NCAS Research Fellow Catesby Leigh to Speak on "Classical Sculpture: A Lost Art?"


On April 27 in Boston, National Civic Art Society Research Fellow Catesby Leigh will be giving a keynote address sponsored by the New England Chapter of the Institute of Classical Architectural & Art, in celebration of the 2019 Bulfinch Awards. Leigh's lecture is on the theme "Classical Sculpture: A Lost Art?"

The Greeks defined monumentality in sculpture during the fifth century, B.C., and the classical standard they established in doing so held sway well into the Christian era. That standard re-emerged during the Renaissance, but it was losing traction by the time our nation won its independence. To understand why, one must distinguish between style and content in sculpture. The high-quality classical sculpture for which the Greeks and modern masters ranging from Michelangelo to Houdon are known is very complex in its formal content. Since the late 18th century, and partly thanks to Canova's "neoclassicism," the focus has been on style at the expense of content. The advent of photography in the mid-19th century reinforced this trend, and photography's vitiating influence on the academic tradition remains as powerful as ever. It's reasonable to ask, even at a time when classical architecture is enjoying a noteworthy resurgence, whether classical sculpture, as the Greeks understood it, is a thing of the past. Even if that is so, it does not mean sculpture has not continued to play an essential role in our classical institutional buildings and monuments.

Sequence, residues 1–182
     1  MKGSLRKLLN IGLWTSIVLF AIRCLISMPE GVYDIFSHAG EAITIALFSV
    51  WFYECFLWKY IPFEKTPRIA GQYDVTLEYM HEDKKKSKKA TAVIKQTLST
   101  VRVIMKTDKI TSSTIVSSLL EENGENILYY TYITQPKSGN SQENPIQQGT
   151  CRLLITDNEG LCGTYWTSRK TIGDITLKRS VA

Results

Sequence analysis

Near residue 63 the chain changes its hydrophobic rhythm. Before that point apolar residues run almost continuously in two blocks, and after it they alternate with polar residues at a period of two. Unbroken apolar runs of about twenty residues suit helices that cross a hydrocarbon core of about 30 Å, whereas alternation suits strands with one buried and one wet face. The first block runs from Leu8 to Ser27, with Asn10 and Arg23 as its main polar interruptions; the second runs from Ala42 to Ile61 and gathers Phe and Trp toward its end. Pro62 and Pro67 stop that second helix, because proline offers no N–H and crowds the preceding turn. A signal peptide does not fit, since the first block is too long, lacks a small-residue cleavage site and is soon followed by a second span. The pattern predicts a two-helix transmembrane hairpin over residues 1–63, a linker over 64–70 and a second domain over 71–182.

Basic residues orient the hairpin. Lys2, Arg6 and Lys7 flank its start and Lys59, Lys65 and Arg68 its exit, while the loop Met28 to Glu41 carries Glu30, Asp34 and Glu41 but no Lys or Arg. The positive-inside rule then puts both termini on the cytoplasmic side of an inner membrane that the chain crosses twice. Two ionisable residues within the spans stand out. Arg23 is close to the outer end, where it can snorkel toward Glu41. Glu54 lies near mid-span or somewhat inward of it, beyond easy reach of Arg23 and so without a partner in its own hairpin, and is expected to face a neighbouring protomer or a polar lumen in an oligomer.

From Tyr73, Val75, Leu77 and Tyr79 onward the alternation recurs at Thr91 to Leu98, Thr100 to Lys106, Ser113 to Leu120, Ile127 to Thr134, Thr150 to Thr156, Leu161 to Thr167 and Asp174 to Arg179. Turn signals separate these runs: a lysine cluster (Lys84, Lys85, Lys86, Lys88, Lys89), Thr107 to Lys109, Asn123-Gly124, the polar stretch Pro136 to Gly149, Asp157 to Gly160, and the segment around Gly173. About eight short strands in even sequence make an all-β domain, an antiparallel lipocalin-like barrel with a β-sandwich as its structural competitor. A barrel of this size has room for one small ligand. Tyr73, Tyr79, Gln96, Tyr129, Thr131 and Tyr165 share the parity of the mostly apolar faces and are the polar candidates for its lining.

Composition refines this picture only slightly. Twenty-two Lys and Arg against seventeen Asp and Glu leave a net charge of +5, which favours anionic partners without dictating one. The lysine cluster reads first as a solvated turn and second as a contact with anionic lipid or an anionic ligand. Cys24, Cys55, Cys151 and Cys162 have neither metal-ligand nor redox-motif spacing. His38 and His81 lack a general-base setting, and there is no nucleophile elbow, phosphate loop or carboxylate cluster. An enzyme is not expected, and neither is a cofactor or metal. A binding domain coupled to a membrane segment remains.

Catesby Leigh has been writing about public art and architecture for over 20 years. Particular areas of interest have been monuments (and anti-monuments), institutional buildings, urban planning, and painting and sculpture. His commentary has appeared in The Wall Street JournalCity JournalFirst ThingsNational ReviewWeekly StandardClaremont Review of BooksModern AgeArts & Antiques, and other publications. Leigh is a co-founder and past chair of the National Civic Art Society. Currently an NCAS research fellow, he is working on a long-term book project concerning the nature of monumentality and its American manifestations. He lives in Washington, D.C..

To register for the event, which runs from 9:00 AM to noon, click HERE.